Heartbroken mum Tracey Hook slams Causeway Hospital blunders that killed her newborn baby
Tracey Hook wept last week as a coroner ruled that infant Alexis died because of “substandard, completely unacceptable care” given by medical staff at the Causeway Hospital in Coleraine.
Speaking after the hearing, she said: “If the nurses at the Causeway had spent just 15 minutes doing observations with me, that could have been my daughter's life.
“Knowing your baby died needlessly is something that you just cannot explain, but we are not vengeful.”
Alexis was born in the early hours of July 4 2012, 13 days after her due date, when Tracey's labour was induced.
But despite having a normal pregnancy, the baby girl was pronounced dead 36 minutes after she was born.
A leading paediatric pathologist told Belfast Coroner's Court that Alexis died from asphyxia brought about when she inhaled meconium — a newborn’s faeces.
He described how babies sometimes open their bowels while still in the womb if they become distressed.
Despite telling medics that many of her relatives had to have C-sections to have their babies, doctors and midwives allowed slightly built Tracey, from Coleraine, to go almost two weeks overdue.
When they finally did induce her after she refused to go home, Tracey said midwives at the Coleraine hospital provided some pain relief “only when they were asked to” and came nowhere near her for more than three hours.
Coroner John Leckey stated there was no need for little Alexis to have died if the onset of labour and warning signs about the baby had been identified sooner.
What the inquest didn't hear however was that while 30-year-old full time chef Allistair lost his daughter that tragic night, he feared he was going to lose his wife as well.
He said: “People think we are making it up about how Tracey was treated, they think that we are exaggerating about how midwives came into the room and saw Tracey literally writhing in pain, yet did nothing at all, but it was all said in court.”
In a harrowing account, Allistair recalled: “I remember it went from everyone being very calm to everyone being very anxious very quickly when they took Tracey down to the theatre.
“While they were sorting Tracey in there, I was wandering around the room I was in and noticed on the side of the resuscitaire there was a notice about stopping treatment after 20 minutes.
“When Alexis was born, there was no sound and I saw that the digital clock had started.
“They were rubbing her and working on her and all I could hear was ‘adrenaline, adrenaline' and Tracey kept saying: ‘Tell me it's alright, tell me it's alright'.
“All I could see
was the clock ticking, five, 10, 15, 20 minutes, that's it.
“At this stage Tracey started convulsing on the operating table.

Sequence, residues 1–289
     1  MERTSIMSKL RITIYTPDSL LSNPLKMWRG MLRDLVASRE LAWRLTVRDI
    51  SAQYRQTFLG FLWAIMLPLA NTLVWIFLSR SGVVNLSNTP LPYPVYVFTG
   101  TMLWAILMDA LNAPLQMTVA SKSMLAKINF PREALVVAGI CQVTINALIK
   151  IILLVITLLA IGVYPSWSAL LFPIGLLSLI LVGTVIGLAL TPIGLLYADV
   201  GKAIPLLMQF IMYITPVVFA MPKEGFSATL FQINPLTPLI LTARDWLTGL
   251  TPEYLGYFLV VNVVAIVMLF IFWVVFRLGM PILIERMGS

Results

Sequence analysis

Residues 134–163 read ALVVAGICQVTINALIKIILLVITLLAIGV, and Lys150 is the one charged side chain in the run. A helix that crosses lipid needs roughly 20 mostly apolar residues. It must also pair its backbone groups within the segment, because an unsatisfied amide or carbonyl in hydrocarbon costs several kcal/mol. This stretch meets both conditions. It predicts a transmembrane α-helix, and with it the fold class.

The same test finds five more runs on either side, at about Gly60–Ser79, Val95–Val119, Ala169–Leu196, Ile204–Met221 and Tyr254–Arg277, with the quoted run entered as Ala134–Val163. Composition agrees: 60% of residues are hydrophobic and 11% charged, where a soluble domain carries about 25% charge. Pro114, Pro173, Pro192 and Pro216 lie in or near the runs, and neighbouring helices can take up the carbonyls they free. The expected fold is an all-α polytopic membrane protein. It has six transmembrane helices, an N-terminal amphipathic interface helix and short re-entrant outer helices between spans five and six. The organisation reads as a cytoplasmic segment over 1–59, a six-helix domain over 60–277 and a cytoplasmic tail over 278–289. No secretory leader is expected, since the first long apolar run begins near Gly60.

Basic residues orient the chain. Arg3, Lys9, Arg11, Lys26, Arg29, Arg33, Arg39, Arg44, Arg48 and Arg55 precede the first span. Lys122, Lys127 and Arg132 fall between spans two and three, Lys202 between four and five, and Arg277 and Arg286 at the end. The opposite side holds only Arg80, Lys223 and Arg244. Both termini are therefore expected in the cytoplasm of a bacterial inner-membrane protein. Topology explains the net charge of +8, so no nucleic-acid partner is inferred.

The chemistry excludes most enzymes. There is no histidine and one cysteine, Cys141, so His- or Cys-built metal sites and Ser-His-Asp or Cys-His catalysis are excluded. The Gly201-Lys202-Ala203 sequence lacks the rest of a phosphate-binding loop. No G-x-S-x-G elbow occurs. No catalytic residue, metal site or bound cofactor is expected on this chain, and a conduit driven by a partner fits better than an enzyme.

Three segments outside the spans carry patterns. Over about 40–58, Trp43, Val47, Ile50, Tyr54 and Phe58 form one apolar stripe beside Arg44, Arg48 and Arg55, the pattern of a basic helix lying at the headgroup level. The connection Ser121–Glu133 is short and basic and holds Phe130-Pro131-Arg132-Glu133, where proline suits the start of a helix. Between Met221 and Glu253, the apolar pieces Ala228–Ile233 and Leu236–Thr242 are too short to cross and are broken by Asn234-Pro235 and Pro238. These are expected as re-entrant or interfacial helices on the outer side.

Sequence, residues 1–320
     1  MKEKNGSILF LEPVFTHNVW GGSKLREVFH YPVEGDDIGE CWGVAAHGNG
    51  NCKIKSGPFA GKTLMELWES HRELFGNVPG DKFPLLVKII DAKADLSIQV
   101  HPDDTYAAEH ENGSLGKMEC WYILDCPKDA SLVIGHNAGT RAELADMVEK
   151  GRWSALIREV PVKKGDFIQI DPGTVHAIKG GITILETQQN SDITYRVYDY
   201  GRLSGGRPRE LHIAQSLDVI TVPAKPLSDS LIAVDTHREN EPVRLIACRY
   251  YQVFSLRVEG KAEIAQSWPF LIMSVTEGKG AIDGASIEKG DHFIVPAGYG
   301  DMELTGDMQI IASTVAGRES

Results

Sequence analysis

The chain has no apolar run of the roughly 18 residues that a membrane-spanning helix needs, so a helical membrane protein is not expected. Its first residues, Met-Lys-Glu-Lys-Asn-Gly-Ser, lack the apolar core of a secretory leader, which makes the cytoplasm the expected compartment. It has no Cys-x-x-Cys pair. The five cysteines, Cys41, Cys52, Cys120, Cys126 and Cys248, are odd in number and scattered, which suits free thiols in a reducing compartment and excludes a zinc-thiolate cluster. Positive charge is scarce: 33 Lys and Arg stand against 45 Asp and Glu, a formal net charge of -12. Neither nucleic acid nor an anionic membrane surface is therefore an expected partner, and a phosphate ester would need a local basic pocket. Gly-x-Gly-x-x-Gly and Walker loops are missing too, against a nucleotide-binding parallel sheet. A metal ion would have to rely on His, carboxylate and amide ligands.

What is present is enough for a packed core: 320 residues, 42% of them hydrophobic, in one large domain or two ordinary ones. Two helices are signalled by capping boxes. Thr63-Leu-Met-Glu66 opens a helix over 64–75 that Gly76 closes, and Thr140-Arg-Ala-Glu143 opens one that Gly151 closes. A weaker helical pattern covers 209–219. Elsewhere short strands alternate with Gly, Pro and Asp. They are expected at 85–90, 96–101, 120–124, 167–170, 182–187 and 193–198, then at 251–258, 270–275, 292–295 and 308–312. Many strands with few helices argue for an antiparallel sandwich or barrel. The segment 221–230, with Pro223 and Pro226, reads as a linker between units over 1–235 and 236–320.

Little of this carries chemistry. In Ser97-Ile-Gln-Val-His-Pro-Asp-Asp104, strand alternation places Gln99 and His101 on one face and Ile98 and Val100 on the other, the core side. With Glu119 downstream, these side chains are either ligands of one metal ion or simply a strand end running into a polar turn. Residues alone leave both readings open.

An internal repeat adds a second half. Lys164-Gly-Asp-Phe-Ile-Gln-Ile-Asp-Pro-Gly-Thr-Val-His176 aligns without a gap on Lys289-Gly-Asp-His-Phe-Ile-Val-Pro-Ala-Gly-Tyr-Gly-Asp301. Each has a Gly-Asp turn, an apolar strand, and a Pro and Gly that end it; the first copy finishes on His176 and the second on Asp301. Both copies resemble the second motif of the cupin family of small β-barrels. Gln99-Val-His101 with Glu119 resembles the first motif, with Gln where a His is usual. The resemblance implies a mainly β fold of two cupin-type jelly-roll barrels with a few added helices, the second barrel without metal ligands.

“Her blood pressure and heart rate were through the roof. She literally had no reserves left from what had happened over that day so at the time, my wife was seriously ill at one side and my baby was at the other side.
“The doctors were still working with Alexis when Tracey was taken to the recovery room and stabilised.
“They came around the corner and we knew, when they came without a baby and their heads down, we knew that was it.
“When we found out, I remember looking at the midwife and saying: ‘You left us in that room, that's why this has happened'.”
Tracey and Allistair, who had only been married for nine months at the time, got to spend some time with their little daughter.
They cuddled her, took photographs and discussed who she looked like and wondered what might have been in what Allistair describes as a “surreal” scenario.
Allistair said: “You think that your are going to go into hysterics but really, you just sit there.
“We did cry but really, you are just numb, just completely numb but at the same time, we were having time with Alexis, taking photographs, talking about her and all the things you do with a new baby.
“That is your moment with your child because you are never going to get that moment with them back again.”
After three days of evidence last week, Coroner Leckey listed the hospital’s failings:
Midwives failed to identify the onset of labour, to give appropriate care and to escalate concerns to a consultant obstetrician.
They failed to carry out regular examinations and observations.
Not enough midwives were on duty to cope with the high work load, and
Foetal heartbeat traces which showed the baby needed urgent treatment were misinterpreted.
With the hearing now over, Tracey and Allistair hope to rebuild their lives.
In a poignant twist, Tracey gave birth to a boy, Freddie, on the first anniversary of Alexis’s death.
The devoted couple say that their love for their little son gives them strength.
“Freddie is a blessing to have been born on the same day as Alexis died and he is the one who has got us through everything but now that it is all over, we can actually grieve properly now,” said Allistair.
“There won't be any more solicitors’ letters or statements in the post, now we can just try to get on with our lives.
“We think about Alexis all the time — never a day goes by that I don't think about her, thinking about what happened, turning it over in your head and wondering what might have been.
“But now it's passed and justice has been done.”
Belfast Telegraph Digital